I have issues with vulnerability.
I’m an introvert by nature, extrovert by training. I don’t share easily. It’s the hardest thing for me to blog, to put myself out there with my warts and all. I prefer to craft a perfect avatar of myself, and only show the world this version of my best self.
Why should I care? I’m sure I’m not the only one who does. It’s comfortable this way and there’s no need to change.
But I’m a writer. And a writer is supposed to engage fully, with the word, the moment, the reader. Empty shell words are easy to spot, and a fake writer isn’t worth any reader’s time.
But my fear of vulnerability is preventing me from writing truthfully, and has stopped me from writing. It has stopped me from writing here, it has stopped me from writing well, and it has stopped me from taking my writing to the next level, where honesty awaits.
If there is such a thing as a God, then S/He has been banging me over the head these last few days with this message: Be real. From Sara Wachter-Boettcher’s post about empathy starting with vulnerability, to Karen McGrane’s post about living the truth as the path to great work, to an interview I just did with Trey Ratcliff about doing your work and sharing it with the world.
You see, the secret is that deep inside of every one of us is a voice, and this voice speaks true things to us all the time. For people who are connected with themselves, they can hear their voices just fine. For those who aren’t, their voices are barely a whisper.
Every time I have grown as a writer, it’s because I’ve listened to this inner voice. I’ve listened to what it’s had to say, and I do my best to let those words come through my mind, out of my fingers and into the world.
It does not always come out perfect, so much is loss between listening to this voice and the writing of the words. Sometimes the voice comes through (comes true?) loud and clear, sometimes I have to strain to hear it.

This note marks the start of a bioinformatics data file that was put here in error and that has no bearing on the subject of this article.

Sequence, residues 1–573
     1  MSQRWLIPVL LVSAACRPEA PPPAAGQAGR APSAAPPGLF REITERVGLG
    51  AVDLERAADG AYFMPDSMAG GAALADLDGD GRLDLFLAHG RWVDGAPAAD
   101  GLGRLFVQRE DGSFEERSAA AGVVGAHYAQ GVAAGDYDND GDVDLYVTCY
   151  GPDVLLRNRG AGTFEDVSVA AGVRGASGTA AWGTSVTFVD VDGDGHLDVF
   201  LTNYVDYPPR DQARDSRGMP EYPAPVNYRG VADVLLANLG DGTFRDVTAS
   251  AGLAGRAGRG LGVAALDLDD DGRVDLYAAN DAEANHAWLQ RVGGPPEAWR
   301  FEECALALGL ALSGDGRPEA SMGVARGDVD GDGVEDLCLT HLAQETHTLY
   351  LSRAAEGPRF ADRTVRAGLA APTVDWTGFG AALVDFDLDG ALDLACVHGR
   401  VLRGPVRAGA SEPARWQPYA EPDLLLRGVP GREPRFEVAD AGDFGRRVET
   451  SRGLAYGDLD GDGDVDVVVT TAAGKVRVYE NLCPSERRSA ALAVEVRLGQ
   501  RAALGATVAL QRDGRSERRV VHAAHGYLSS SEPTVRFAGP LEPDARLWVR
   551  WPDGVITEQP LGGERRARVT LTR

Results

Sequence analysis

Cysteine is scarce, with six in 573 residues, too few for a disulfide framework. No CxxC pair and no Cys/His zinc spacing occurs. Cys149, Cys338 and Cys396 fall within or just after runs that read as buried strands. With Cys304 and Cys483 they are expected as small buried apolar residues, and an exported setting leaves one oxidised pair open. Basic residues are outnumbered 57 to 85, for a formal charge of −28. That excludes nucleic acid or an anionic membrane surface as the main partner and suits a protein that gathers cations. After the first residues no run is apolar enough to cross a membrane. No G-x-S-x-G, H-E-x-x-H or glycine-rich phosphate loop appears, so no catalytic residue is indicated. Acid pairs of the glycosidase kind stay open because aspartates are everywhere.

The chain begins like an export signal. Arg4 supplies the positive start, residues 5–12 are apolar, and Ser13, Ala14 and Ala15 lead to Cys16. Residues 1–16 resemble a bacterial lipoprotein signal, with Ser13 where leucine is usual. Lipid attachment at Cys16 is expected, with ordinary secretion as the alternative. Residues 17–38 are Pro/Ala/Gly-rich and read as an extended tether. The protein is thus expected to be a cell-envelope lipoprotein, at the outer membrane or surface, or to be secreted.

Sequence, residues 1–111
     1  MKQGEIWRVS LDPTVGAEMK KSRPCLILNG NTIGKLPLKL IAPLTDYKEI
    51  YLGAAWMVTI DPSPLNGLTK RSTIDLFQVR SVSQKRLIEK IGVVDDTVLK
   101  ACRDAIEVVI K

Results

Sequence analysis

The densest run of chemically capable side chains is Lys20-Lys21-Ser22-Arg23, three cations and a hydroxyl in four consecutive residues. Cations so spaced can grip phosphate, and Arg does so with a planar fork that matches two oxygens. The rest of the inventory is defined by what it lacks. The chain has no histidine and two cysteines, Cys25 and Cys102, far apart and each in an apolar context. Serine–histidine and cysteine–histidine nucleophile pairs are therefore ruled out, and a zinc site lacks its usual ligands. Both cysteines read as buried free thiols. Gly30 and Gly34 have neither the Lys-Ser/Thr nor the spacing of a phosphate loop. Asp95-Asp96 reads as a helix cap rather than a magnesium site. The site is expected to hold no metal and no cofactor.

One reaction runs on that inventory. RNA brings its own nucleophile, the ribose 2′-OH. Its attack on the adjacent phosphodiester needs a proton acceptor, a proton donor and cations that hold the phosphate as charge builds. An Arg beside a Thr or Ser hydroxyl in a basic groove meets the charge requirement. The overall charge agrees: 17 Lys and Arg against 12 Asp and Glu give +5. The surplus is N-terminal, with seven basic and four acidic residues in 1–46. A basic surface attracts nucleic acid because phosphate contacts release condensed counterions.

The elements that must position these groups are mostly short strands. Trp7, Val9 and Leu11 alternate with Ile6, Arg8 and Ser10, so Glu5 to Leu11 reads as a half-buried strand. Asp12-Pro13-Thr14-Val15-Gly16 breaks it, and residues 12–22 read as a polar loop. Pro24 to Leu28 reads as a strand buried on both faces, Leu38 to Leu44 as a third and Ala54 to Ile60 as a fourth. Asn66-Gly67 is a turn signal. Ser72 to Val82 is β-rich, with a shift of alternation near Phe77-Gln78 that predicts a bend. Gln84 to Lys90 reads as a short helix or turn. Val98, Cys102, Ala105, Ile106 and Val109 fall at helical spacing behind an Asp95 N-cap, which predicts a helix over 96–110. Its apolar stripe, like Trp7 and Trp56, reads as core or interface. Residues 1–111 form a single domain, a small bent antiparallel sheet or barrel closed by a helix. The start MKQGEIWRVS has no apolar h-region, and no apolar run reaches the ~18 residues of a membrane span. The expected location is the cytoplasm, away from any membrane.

But when I let my fear of being vulnerable – being found out, being criticised, having my weaknesses exposed, letting people know that I am less than perfect, that I don’t always know what I’m doing, that I feel like a fraud – when I let that fear wrap a shell around me, the voice becomes softer and softer. And I lose my lifeline to the truth.
It’s not worth it to live inside a cocoon. If I have to be a better writer, to be a better me, if I want to say true things, then I have to listen even more closely to this voice, and I have to let it out. Even if it means being vulnerable, and falling on my face.
A poet is somebody who feels, and who expresses his feelings through words. This may sound easy. It isn’t. A lot of people think or believe or know they feel — but that’s thinking or believing or knowing; not feeling. And poetry is feeling — not knowing or believing or thinking. Almost anybody can learn to think or believe or know, but not a single human being can be taught to feel. Why? Because whenever you think or believe you know, you’re a lot of other people: but the moment you feel, you’re nobody-but-yourself.
To be nobody-but-yourself — in a world which is doing its best, night and day, to make you everybody else — means to fight the hardest battle which any human being can fight; and never stop fighting. As for expressing nobody-but-yourself in words, that means working just a little harder than anybody who isn’t a poet can possibly imagine. Why? Because nothing is quite as easy as using words like somebody else. We all of us do exactly this nearly all of the time — and whenever we do it, we’re not poets.
If at the end of your first ten or fifteen years of fighting and working and feeling, you find you’ve written one line of one poem, you’ll be very lucky indeed. And so my advice to all young people who wish to become poets is: do something easy, like learning how to blow up the world — unless you’re not only willing, but glad, to feel and work and fight till you die.
Does this sound dismal? It isn’t. It’s the most wonderful life on earth. Or so I feel. e.e. cummings